We met her while she was attending High-School, and then she went onto Otis College of Art and Design of Los Angeles, and then to the prestigious Art Center College of Design of Pasadena. Yes, she grew up right in front of us developing skills I can’t even imagine.
I did not ask her about her family but she told us stories. She volunteered her time with us so I figured as long as she attended college her expenses were all paid for. She was not the struggling artist and she was not guilty or shy. One story she shared with us is about the relationship between her parents and the atomic bombing of Hiroshima and Nagasaki. Her parents received yearly health-screenings because they moved to California after the war. My dad is a purple-heart veteran that served in WWII. He bombed Japan. Forty years of time and once known enemies are now friends. Amazing!!
It was not easy making it into the ranks of the Flipside house. We had our tests. Joy passed them all and I am proud to call her my friend.
Reflection: When I left Los Angeles Flipside Fanzine, I don’t think Joy ever realized I prepared her to take my place after I left… maybe not as a woman married to Al Flipside, but as a woman in the punk scene who could handle the multitasking that I created to run Flipside Fanzine. It was a lot of work.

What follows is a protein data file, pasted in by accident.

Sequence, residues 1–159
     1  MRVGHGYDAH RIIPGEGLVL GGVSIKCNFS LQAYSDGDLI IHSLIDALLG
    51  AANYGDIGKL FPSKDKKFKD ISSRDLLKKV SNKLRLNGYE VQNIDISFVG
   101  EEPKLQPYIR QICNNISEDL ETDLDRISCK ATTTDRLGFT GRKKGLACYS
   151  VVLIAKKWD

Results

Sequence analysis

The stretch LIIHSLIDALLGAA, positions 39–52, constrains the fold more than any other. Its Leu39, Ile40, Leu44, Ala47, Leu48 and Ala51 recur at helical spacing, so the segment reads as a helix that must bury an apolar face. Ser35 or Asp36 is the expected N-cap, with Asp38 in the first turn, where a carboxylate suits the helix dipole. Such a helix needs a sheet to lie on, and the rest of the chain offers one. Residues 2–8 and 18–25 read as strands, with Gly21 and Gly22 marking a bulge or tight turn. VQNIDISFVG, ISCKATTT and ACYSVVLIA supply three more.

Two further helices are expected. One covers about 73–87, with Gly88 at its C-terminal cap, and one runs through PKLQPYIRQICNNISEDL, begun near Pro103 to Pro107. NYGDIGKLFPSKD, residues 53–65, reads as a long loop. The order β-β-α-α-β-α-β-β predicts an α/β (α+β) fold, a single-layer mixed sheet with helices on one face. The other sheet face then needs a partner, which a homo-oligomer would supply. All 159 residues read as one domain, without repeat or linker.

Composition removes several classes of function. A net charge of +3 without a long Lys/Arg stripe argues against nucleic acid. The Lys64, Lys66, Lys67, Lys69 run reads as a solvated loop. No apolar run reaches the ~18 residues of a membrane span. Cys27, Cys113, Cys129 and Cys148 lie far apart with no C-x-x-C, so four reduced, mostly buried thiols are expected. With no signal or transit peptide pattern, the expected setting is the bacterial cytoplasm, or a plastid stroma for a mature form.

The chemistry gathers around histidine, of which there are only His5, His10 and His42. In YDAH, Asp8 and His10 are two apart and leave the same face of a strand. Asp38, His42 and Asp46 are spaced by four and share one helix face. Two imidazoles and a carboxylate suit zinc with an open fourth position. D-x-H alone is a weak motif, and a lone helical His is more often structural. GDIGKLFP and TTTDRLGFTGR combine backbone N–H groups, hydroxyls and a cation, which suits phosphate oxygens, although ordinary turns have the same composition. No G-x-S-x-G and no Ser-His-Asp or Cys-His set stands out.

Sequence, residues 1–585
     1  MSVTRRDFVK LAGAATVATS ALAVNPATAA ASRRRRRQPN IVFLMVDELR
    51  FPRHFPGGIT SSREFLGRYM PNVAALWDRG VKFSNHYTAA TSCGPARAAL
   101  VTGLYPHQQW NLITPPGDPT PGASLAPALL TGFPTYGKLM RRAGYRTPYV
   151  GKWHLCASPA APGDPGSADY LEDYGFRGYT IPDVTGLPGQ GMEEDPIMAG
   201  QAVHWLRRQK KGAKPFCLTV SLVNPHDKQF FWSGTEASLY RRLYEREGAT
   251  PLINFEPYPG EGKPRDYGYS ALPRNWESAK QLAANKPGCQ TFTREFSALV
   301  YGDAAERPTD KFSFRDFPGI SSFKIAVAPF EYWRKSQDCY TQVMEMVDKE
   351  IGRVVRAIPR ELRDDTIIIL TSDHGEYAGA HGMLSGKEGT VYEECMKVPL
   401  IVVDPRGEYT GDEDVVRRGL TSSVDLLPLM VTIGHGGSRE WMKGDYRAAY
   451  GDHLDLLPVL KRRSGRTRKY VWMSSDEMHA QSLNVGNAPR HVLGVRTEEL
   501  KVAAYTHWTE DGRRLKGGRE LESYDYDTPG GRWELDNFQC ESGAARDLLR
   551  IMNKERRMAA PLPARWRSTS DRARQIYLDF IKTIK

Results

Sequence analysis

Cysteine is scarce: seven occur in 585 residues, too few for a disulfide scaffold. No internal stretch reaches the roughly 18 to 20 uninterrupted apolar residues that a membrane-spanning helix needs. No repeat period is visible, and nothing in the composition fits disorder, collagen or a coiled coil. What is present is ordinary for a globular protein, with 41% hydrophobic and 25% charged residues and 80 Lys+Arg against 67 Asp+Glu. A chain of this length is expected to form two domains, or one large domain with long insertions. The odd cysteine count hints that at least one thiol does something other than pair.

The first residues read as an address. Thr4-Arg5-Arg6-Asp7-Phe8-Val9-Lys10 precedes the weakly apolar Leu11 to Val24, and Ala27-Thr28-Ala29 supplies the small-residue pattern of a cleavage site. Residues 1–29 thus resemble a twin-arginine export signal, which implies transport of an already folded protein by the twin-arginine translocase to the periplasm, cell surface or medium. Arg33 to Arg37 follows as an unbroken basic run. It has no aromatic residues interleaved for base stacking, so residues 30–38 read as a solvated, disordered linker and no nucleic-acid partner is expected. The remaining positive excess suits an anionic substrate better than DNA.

Mikey and Hudley 2020
Steve Alper from Ink Disease Fanzine getting tied-up with tape for being bad in the Flipside Office… (Rosey the cat and a barefoot Joy and the guy with the colorful shirt I don’t remember his name but he collected sea-horses)
Los Angeles Flipside Fanzine 1-16
Los Angeles Flipside Fanzine 1970 to 1989
Records At Flipside
As many of the upcoming bands, Los Angeles Flipside Fanzine collaborated with Bill Bartell of Gasatanka Records and Chaz of Casbah Recording Studio. I have included a bit of history and information below.
“Chaz”, as he was known to most, was guitarist for Eddie and the Subtitles, a local punk band that was influential on younger Fullerton punks as the Adolescents and Social Distortion, both of which recorded their early demos and singles at Casbah and continued recording albums there as their popularity grew. “I don’t think they shared musical tastes” stated Michael Hutchinson, producer for Billy Idol and Berlin, observing “I don’t know how excited Chaz was about Berlin – he was more excited about punk stuff.” Yet there was an excitement that came from the blending of the two distinct cultures: one typified by Chaz and his cronies’ slacker ethos, the other by St. James and his commercial sensibilities and keen awareness of musical trends. After the success of Stacey Q’s Better Than Heaven, St. James deferred ownership of The Casbah to Ramirez.